SSPX : Part II : Heresy in the Making

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Heresy in the Making, Part II

HE GESTA DEI PER HIBERNOS 1860-1889

Dr. Justin Walsh

When Minnesota entered the union in 1858 as the 32nd State there were 60,000 residents mostly concentrated along the Upper Mississippi from the Twin Cities south to the Iowa border. Otherwise the state was mostly an unsettled wilderness in need of population. If settlers came, the wilderness would be carved up into counties and good times would roll with law and order, a county seat, courthouse, commissioners, a sheriff, a jail, and judges. Businesses, schools, churches, and the other amenities of American democratic civilization would soon follow. If a man of vision looked north and west from St. Paul between 1865 and 1890, the potential was clear.


James J. Hill, 1963 (right)

James J. Hill, the railway tycoon, was a man of exactly such vision, as was John Ireland, the Churchman
. Hill began to monopolize rail traffic to all points west when he manipulated stocks to secure control of the bankrupt St. Paul and Pacific Railroad during the Panic of 1873. He obviously saw beyond Minnesota through the wide open spaces of the Great Plains all the way to the Pacific Coast. Hill's purview saw potential states in this unorganized wilderness, states created by people whose presence guaranteed prosperity for his railroads.

Enter John Ireland, a Churchman with promotional talents and a colonization scheme. Ireland promised to bring Catholics West with the lure of cheap land under terms of the federal Homestead Act of 1862. But Hill would have to provide low-cost transport from the old World and print the promotional brochures.1 If the plan succeeded, Ireland's power would grow because a stable population would need Irish priests, and eventually Irish suffragan bishops of the St. Paul Archdiocese.

By the 1890s both men had what they wanted. Hill's reward was that he became the wealthiest railroad magnate in America. For his part, Ireland saw the Church in Minnesota and the new states of North Dakota and South Dakota staffed almost exclusively by Irish priests and bishops from the Archdiocese of St. Paul. If Ireland should perchance receive the Red Hat of a Cardinal, Montana, Wyoming, Idaho, and Washington would also be under his wing.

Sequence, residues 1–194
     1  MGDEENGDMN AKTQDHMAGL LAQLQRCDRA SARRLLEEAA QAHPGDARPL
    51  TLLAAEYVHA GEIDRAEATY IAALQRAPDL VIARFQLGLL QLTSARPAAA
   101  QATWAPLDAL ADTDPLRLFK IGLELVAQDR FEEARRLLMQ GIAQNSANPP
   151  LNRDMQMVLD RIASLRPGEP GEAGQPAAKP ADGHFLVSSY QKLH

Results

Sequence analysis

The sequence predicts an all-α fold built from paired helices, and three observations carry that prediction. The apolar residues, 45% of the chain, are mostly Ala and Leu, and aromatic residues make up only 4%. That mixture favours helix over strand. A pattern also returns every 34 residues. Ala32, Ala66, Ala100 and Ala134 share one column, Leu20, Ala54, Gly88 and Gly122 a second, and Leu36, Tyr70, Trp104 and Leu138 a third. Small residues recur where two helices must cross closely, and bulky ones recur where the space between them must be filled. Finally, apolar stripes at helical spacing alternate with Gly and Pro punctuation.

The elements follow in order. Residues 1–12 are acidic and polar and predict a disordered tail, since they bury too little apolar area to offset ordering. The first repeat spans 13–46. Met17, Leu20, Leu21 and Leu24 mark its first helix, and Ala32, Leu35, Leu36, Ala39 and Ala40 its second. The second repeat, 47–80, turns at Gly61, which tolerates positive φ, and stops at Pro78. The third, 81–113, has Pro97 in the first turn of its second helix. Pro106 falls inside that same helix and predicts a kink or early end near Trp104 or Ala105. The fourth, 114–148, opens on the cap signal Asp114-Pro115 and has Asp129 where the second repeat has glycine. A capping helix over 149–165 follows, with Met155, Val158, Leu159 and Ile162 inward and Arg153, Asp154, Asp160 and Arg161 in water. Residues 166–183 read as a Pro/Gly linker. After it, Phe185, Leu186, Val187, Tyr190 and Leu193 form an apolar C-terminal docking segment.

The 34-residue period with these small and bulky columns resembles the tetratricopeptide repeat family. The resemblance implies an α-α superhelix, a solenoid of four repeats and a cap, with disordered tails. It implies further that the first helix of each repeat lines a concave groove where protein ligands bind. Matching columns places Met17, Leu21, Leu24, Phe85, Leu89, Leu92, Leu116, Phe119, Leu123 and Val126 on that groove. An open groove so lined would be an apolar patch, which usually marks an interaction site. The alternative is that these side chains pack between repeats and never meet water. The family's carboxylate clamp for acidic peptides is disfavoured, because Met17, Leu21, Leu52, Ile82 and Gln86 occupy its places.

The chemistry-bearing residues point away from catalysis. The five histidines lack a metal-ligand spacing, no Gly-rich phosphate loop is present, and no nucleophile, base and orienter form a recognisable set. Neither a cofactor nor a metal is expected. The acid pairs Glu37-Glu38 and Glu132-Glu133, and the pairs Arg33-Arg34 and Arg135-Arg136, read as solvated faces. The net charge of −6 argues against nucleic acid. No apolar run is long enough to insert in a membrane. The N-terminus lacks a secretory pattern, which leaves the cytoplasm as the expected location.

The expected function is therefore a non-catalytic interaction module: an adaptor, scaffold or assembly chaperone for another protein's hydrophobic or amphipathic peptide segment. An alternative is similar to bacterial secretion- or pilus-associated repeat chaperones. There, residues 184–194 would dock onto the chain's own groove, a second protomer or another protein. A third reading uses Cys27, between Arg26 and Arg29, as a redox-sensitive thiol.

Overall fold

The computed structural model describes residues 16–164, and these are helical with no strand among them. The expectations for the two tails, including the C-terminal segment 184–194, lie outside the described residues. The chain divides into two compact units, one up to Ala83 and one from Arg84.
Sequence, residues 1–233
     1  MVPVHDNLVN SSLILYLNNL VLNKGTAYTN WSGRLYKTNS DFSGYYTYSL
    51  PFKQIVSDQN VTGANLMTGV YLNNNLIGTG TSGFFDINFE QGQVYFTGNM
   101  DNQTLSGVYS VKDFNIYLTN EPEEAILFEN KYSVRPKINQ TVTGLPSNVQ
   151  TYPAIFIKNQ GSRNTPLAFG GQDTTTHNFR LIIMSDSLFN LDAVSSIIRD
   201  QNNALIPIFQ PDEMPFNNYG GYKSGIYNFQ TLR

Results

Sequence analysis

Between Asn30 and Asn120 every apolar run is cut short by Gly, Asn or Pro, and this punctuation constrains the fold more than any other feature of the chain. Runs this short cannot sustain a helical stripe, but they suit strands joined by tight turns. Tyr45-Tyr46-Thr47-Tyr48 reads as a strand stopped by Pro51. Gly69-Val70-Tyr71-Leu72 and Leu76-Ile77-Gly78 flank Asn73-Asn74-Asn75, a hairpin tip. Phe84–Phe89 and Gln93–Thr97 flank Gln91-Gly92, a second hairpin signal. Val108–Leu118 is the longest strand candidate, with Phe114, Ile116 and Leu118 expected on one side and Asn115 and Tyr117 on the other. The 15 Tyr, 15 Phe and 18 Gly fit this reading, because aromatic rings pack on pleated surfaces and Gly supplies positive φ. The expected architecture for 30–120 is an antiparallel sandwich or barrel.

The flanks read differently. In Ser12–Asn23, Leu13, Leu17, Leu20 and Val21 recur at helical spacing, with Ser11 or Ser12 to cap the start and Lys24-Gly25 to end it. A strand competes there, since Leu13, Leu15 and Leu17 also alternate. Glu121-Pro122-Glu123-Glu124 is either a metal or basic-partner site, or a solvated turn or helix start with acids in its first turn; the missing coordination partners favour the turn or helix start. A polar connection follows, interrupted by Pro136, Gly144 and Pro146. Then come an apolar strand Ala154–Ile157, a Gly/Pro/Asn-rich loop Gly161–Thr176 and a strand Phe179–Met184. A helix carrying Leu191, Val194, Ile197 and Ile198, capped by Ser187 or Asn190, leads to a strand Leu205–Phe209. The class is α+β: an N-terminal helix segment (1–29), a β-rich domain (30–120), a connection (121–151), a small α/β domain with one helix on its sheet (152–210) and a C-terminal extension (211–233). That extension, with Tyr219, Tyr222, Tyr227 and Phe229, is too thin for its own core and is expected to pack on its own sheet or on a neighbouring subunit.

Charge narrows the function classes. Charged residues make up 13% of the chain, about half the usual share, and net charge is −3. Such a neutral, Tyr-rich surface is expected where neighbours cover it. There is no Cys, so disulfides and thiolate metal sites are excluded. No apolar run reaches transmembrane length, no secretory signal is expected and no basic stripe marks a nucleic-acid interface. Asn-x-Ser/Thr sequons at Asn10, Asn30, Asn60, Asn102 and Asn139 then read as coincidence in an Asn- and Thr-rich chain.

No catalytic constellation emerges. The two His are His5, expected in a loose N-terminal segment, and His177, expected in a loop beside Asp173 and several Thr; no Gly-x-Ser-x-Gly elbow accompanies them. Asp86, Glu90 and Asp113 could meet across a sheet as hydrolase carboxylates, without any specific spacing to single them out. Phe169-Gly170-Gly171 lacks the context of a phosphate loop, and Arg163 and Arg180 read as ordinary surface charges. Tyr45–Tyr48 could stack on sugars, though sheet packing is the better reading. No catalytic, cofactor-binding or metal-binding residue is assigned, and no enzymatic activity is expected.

The elevation of Irishmen John Shanley of Jamestown, SD, Thomas Cotter of Winona, MN, and James McGolrick of Duluth, MN, is worthy of special note because it illustrates Ireland's peculiar modus operandi. All three were consecrated by the Archbishop on Dec. 27, 1889, in a ceremony that:

...was unique in the annals of the American church up to that time: never before had three men from the same diocese been elevated to the episcopate for service in the same province. Preacher of the day was the Paulist, Walter Elliott, just then finishing his biography of Isaac Hecker. In attendance was Monsignor Denis J. O'Connell, who...delivered a short but graceful address: "Never before in the history of the Church has a province bloomed as rapidly as St. Paul's. Its growth is typical of the American Church."2

Denis J. O'Connell with Serafino Cardinal Vannutelli
(Left)

Other Irishmen consecrated as bishops by Ireland in his Irish fiefdom included Martin Marty of Sioux Falls, SD, James O'Reilley of Fargo, ND, Patrick Heffron of Winona, and Timothy Corbett of Crookston, MN.

At the First Vatican Council, 1869-1870, John Ireland enjoyed his first encounter with the Baltimore nexus of Americanism. He attended as proctor for Bishop Thomas Grace, who was ill. As a proctor Ireland could not participate in Council sessions, but he could socialize with the 48 American bishops in attendance. This alone made the trip to Rome worthwhile for an ambitious 31-year-­old priest from a remote frontier diocese. James Gibbons, vicar apostolic of North Carolina, was among the prelates Ireland met. Gibbons in turn introduced Fr. Ireland to Fr. Isaac Hecker, also present as a proctor. The three must have recognized immediately that they were kindred spirits.3 It is certain that they promoted one another's interests for the rest of their lives.